– Week in Review –
Week of April 3-7, 2006
MONDAY, April 3, 2006
Senate Appropriations Committee kicked off the week early by trudging through a line by line review of the stateÃƒÂ¢Ã¢â€šÂ¬Ã¢â€žÂ¢s twenty one Billion dollar ($21,000,000,000) budget for 2007. Beginning on Monday, this committee met time and again all week long ÃƒÂ¢Ã¢â€šÂ¬Ã¢â‚¬Å“ and will continue next week also.
See, ACTION NEEDED: below.
TUESDAY, April 4, 2006
House Budget Chair Alan Icet introduced HB 1485 on the House floor on Tuesday. HB 1485 establishes a 50% tax credit for financial gifts to Pregnancy Resource Centers. In addition to encouraging people to support these vital ministries, this tax credit represents an endorsement of the PRCÃƒÂ¢Ã¢â€šÂ¬Ã¢â€žÂ¢s by the State of Missouri. After a relatively short debate, HB 1485 was adopted by the House. Bills like this are very powerful in cultivating a culture of life in our State. This legislation will receive a final vote to be sent to the Senate next week.
HB 1275 was third read on the House floor (Rep. Brian Baker sponsored the legislation). HB 1275 would create virtual public schools for elementary and secondary public school children. As written, the bill does not adversely affect home schoolers in Missouri. If anything it serves as a stepping stone to get more children out of the public school environment. While still being a public school program the bill creates competition for MissouriÃƒÂ¢Ã¢â€šÂ¬Ã¢â€žÂ¢s 524 school districts. The educational market (like any other market), will only improve with more options and competition.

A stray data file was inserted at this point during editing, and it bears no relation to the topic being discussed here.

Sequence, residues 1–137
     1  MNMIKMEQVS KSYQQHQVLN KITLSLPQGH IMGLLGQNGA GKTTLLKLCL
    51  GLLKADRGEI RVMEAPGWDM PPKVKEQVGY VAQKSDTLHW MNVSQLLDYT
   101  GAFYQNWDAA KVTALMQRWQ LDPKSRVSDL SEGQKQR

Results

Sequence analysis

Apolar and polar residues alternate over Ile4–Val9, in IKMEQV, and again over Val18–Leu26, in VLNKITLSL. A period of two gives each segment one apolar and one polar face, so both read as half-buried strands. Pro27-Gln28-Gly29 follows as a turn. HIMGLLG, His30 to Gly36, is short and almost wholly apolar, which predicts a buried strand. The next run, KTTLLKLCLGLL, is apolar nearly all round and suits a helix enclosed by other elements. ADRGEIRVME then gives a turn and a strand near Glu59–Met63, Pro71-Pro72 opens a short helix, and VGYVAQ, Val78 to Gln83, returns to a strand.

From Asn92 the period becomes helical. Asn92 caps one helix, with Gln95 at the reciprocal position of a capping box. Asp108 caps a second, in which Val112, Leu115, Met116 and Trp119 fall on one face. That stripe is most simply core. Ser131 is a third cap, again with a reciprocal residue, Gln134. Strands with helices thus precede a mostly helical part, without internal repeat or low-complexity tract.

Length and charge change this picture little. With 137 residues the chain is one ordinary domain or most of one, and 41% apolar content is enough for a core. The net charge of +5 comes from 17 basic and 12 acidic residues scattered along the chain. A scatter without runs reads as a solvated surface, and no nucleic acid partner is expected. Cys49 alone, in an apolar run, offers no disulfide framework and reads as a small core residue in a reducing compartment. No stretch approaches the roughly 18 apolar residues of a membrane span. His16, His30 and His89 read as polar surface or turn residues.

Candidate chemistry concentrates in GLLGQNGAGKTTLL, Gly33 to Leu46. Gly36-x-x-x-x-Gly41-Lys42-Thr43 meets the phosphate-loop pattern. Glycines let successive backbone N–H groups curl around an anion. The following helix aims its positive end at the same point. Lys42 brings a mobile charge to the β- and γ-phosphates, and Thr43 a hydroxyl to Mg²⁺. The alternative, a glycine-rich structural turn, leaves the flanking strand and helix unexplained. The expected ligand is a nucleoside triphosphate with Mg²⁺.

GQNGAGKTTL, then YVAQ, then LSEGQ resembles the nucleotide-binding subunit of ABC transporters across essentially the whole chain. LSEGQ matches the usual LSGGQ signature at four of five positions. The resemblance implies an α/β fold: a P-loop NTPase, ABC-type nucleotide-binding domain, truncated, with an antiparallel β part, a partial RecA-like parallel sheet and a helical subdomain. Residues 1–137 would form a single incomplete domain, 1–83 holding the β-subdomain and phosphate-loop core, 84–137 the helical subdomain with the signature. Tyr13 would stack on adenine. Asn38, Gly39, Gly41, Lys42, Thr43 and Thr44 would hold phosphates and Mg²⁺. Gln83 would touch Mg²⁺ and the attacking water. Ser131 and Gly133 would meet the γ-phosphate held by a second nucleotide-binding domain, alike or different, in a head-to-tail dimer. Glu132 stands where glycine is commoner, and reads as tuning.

While home schooling families could discontinue and enroll in a virtual public school and current public school students could enroll in such a home-based virtual public school ÃƒÂ¢Ã¢â€šÂ¬Ã¢â‚¬Å“ this is NOT a home school option. Virtual public schools would be a public-school-program-in-the-home, basically a public school correspondence program with the bells and whistles of computers and internet interaction. However, a home-based program gives parents more opportunity to see daily materials, helps to reconnect a student with their parents, and removes students from often very detrimental environments.